On This Day: Robinson-Basora II; Sugar Ray Proves Again How Lethal He Is In A Rematch

Among his many special qualities, Sugar Ray Robinson had an amazing ability to make the necessary adjustments when heading into a rematch. If a fighter was good enough, great enough, to defeat Robinson, chances are he was made to pay for it, and dearly, in the rematch.

Some of the fighters who won fight-one with Sugar Ray but were beaten in the return:

– Jake LaMotta

– Randy Turpin

– Gene Fullmer

– Carmen Basilio

There were, at the end of his career, when he should have been long into retirement, some guys who handed Ray more than one loss, yet in his prime, more often than not, Robinson made a rival pay in a return fight. Only the criminally underrated Ralph “Tiger” Jones beat Robinson in his prime and was never punished for having done so (or in some ways, Tiger was punished, as in he was denied a big payday, this because, after the clear beating, Jones gave Robinson in January of 1955, there never was a return fight).

One excellent fighter Robinson met twice, was Puerto Rico’s Jose Basora. Basora, who resided in New York, met Robinson in a non-title fight (Ray weighing 149, Jose coming in at 154) in May of 1945. To the surprise of plenty, Basora gave Robinson a hell of a tough fight, holding him to a ten round draw. Robinson had to dig in and rally hard in the final round to keep from losing. But Basora was known as a damn fine fighter; having beaten, among others, LaMotta, Holman Williams, and Fritzie Zivic.

Robinson would not face Basora again for over five years. But when the two did clash again, in a middleweight title fight (Pennsylvania State Middleweight Title), it was a totally different story. The rematch came on August 25th of 1950, and this time Robinson utterly destroyed Basora. Sugar scored no less than four knockdowns inside :55 seconds as he made Basora pay dearly for having tested him so hard in 1945. Robinson showed everyone how a great fighter handles a rematch of a tough fight.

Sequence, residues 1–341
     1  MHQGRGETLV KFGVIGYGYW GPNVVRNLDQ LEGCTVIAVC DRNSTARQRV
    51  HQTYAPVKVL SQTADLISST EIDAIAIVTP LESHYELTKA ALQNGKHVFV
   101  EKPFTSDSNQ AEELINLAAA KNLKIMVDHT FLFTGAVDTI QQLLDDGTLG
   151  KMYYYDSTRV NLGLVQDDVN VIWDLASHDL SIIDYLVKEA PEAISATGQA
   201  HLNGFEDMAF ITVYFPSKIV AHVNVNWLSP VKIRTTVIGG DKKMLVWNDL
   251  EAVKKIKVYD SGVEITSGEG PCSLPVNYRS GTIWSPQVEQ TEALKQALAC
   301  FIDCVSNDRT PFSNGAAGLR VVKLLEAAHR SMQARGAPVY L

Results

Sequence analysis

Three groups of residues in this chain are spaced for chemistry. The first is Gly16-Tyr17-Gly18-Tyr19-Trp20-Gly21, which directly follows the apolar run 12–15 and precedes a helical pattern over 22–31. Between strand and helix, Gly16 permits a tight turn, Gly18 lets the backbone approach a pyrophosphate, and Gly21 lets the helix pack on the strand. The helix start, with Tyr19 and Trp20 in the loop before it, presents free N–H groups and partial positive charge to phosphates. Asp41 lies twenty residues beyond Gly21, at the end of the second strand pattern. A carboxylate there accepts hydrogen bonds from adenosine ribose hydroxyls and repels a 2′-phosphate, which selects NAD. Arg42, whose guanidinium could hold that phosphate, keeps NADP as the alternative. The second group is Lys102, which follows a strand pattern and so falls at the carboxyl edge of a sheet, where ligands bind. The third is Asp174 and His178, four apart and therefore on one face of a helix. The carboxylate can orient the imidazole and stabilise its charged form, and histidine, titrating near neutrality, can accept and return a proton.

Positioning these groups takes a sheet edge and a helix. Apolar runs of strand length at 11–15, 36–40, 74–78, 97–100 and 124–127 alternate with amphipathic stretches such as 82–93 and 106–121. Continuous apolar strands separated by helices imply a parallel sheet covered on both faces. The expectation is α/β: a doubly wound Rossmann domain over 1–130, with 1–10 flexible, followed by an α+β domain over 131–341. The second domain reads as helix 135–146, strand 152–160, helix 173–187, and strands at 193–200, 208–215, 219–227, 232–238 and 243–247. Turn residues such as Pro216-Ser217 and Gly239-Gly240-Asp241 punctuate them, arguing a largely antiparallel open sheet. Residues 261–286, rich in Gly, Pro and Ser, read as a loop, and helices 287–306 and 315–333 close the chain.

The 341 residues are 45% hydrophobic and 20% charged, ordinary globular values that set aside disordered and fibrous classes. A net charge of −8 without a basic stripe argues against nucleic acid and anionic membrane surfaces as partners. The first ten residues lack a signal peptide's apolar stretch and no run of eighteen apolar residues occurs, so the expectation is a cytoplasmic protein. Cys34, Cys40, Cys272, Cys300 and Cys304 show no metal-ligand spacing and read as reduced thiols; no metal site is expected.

It really is quite odd that Basora, as good as he was, gave Robinson all he could handle in fight-one, and was then blasted out in the return. It shows that even the best fighters can get caught cold. Sugar Ray fought just 10 days later, and then, in February of the following year, Robinson ended his savage rivalry with LaMotta, famously halting Jake in the 13th round of a classic encounter to take the world middleweight crown.

Basora soldiered on for a couple of years after the Robinson rematch, yet he was a tired fighter, and he lost more than he won. It’s little wonder Basora was tired; he had engaged in five extremely hard fights with Holman Williams (of “Black Murderer’s Row” fame), and Basora had also fought LaMotta four times. In addition, Basora had been in with Ezzard Charles, Bert Lytell (also of “Black Murderer’s Row fame”), Henry Brimm, and Holly Mims.

Basora finished up with an extremely hard-fought 78-20-6(44) record. Basora, who was stopped just five times, is one of the finest fighters never to have won a world title. He died in 1993, largely forgotten.